Clinton is poised to do well in the market by winning African-Americans and holding her own with rural whites. The demographics of these two region are closer as well across the state line. In Florida’s portion of the market, over 43% of the Democratic Primary in 2014 was African-American, which is probably similar to what the share of the Georgia primary vote was. This all points to a solid Clinton win in the market, though the margin will likely be determined by African-American turnout and how the large white liberal population of Tallahassee votes. Sanders will be banking on large student turnout at FSU, TCC, and a good showing with FAMU students.
And last, the Jacksonville market
The Jacksonville and Tallahassee markets are fairly similar, with Trump winning big and Clinton dominating. The Florida portions of this market are more dominated by Jacksonville and its suburbs, which will be important for Rubio as he tries to not get flat-lined in the North. Rubio may do much better in this market than he did in the Georgia half, as suburbs in Duval, St Johns, and Clay should be friendly to him. However, if Trump takes these regions or ties Rubio, then the Senator will be in for a long night in Florida. Expect Rubio to fair poorly in the rural counties on the outskirts of the market.
Clinton has a solid win in the Georgia portion of the market, but it was he weakest showing of the three. The lower African-American share is one key culprit. The Florida market has similar demographics, meaning Sanders could have a better showing here. However, the closed Democratic primary in Florida in 2014 for this market was 38%, which is likely similar to the Georgia half (like Alabama we dont have turnout figures yet). If Clinton keeps up her trend of dominating with African-Americans and doing decent with whites, she will win this market. However, Sanders would be able to shift the margin (though not likely win) with student turnout at the University of North Florida and by doing well with the liberal communities in Jacksonville. That said, Clinton is still a favorite to win this region with a healthy margin.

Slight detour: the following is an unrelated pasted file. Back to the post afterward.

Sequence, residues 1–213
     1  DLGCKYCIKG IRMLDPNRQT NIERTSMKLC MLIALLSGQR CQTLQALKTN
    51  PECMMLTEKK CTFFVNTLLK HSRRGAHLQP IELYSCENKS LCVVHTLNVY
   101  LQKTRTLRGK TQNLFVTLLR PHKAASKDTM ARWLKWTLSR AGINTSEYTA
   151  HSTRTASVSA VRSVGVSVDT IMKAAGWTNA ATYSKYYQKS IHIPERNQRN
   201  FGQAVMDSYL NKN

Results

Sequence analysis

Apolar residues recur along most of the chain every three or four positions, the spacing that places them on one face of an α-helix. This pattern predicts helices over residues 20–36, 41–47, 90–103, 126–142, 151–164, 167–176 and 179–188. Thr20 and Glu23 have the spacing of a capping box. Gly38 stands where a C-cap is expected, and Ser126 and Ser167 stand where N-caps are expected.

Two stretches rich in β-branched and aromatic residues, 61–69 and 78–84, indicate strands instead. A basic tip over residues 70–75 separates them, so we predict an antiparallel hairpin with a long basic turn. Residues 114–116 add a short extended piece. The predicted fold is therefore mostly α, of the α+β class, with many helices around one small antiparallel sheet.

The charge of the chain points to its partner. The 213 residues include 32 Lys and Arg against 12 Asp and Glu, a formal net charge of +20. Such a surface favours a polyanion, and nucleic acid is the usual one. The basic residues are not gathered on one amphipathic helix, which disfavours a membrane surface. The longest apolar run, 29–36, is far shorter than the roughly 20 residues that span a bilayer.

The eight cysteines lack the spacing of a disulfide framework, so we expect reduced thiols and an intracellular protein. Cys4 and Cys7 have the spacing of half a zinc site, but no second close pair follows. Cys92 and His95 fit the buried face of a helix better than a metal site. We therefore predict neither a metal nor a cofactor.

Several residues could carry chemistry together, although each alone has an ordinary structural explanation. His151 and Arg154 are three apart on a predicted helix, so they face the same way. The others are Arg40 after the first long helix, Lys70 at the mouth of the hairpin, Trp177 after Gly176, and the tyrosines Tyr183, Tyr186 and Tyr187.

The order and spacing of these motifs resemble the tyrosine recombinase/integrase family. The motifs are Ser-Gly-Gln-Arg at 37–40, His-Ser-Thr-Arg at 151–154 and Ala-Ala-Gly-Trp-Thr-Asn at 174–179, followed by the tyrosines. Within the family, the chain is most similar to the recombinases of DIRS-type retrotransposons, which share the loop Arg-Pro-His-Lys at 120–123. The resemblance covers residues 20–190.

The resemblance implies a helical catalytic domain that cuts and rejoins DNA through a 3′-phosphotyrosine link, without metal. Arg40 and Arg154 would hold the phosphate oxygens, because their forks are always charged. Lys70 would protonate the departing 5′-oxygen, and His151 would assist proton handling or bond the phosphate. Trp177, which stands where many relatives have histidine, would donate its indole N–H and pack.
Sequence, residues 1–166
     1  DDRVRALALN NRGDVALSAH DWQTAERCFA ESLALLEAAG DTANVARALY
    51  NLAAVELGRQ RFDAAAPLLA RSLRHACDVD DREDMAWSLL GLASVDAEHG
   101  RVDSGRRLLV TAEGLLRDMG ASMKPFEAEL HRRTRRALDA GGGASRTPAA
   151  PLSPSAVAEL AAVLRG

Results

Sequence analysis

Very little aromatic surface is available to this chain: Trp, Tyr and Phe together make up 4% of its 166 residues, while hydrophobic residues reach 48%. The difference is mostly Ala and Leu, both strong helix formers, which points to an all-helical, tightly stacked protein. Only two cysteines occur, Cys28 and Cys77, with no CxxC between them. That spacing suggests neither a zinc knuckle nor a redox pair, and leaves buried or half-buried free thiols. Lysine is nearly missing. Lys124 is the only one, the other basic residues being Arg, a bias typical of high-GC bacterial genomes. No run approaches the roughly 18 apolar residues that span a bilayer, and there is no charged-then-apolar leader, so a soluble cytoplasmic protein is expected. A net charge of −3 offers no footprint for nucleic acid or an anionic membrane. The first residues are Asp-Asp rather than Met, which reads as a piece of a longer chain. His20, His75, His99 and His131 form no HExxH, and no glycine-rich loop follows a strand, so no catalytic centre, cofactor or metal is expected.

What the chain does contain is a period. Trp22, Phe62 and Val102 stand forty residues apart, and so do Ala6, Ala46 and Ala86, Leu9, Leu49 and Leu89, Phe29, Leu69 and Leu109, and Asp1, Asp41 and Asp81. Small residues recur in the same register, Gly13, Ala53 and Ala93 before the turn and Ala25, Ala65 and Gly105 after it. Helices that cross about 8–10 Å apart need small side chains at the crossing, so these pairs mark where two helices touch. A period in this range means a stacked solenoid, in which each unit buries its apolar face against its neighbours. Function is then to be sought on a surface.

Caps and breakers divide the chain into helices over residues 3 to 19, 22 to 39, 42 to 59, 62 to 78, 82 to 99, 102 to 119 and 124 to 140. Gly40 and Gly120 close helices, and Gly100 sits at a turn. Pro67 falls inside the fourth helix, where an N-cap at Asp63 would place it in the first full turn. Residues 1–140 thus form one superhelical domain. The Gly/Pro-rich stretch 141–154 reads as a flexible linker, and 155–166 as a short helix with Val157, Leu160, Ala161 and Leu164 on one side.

With two weeks to Florida it is entirely possible different dynamics could emerge to change these projections. Nevertheless, the Alabama and Georgia results give us an opportunity to see how the voters of North Florida, especially outside the urban areas, are inclined to vote. These results are good for Trump and Clinton and bad for Sanders and Rubio. Unless things change quick, the Florida panhandle could be Clinton and Trump country on March 15th.